cover image PENGUIN POST


Debi Gliori, . . Harcourt, $16 (40pp) ISBN 978-0-15-216765-3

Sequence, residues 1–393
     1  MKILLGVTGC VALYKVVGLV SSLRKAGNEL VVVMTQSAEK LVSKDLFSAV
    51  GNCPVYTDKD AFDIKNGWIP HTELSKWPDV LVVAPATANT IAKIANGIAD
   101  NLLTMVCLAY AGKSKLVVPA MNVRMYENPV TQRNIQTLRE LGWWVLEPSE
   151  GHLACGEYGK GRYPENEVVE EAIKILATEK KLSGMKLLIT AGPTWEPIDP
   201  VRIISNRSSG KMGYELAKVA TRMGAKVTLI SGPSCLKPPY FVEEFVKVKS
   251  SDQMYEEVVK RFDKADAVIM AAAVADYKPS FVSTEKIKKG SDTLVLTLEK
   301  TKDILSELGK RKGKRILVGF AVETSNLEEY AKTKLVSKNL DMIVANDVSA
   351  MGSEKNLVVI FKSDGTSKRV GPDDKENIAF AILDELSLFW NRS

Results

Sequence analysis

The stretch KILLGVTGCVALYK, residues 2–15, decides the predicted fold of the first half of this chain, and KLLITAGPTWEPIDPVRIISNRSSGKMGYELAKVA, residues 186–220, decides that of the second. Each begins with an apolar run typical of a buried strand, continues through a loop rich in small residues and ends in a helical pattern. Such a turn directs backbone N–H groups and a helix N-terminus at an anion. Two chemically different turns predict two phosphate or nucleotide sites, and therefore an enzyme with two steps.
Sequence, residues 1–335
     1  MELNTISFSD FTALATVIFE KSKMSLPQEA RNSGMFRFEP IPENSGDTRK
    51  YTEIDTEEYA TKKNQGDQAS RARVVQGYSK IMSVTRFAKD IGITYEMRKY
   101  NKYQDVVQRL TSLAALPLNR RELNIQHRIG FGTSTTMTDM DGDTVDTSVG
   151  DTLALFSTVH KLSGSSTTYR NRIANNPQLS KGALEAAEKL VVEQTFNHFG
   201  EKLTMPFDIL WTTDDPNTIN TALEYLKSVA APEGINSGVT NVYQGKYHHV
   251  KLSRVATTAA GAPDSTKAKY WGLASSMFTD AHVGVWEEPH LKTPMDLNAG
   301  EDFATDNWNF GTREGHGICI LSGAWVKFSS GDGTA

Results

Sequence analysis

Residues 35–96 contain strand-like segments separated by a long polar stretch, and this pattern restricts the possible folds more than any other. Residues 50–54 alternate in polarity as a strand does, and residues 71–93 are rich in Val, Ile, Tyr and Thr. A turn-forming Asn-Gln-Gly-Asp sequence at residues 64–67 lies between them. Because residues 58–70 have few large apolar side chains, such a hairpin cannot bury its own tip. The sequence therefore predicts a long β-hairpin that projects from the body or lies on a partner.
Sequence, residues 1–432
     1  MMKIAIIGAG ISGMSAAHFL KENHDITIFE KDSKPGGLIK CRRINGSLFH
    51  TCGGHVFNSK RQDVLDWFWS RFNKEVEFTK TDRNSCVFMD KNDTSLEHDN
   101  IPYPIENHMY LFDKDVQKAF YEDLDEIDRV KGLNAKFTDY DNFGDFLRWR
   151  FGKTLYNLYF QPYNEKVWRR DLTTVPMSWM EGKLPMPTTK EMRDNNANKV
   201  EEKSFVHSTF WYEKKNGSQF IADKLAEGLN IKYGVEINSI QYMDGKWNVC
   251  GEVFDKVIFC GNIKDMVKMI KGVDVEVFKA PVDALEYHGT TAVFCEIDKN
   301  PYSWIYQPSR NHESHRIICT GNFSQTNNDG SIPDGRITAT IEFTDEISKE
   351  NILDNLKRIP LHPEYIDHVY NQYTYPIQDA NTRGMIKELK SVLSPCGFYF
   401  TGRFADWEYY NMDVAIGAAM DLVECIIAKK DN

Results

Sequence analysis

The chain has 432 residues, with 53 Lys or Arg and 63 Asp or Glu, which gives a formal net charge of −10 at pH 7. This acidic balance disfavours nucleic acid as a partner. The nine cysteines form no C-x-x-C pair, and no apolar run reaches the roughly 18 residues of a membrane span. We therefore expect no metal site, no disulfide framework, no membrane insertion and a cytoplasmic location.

Milo is a dubious sibling-to-be in a family of penguin postal workers. Given the choice between keeping the egg warm and delivering the mail, he eagerly chooses the latter—not knowing that his father has mistakenly packed the egg in the red mailbag along with all the other deliveries (readers will easily spot the unmistakable oval bulge as Milo goes on his appointed rounds). The comforts and joys of family life are Gliori's (Tell Me What It's Like to Be Big) métier, and her picaresque tale takes Milo to a panoply of fanciful addresses where infants are cherished, including the treetop hideaway of a moose who's ordered a papoose for her offspring and the hive of a mama bee (in a hilarious painting, Milo presents a mail-order sleeper for the multi-legged baby daughter). At first, Milo is unmoved by these scenes of bliss, and shrugs off inquiries about his own family's upcoming arrival. But when he climbs "a rickety rope ladder to the lonely place in the sky" and delivers thousands of baby stars to an ecstatic Stella Polaris, he realizes what his family needs—just in time to welcome his baby brother. Gliori appreciates the skepticism of her target audience, even if Milo's sudden change of heart seems abrupt. The wide-eyed, tuxedoed hero will enchant youngsters, who will pore over the wealth of clever details. The diminutive hero's determination to deliver his packages may well put readers in mind of a formal-attired Santa junior. Ages 3-7. (Oct.)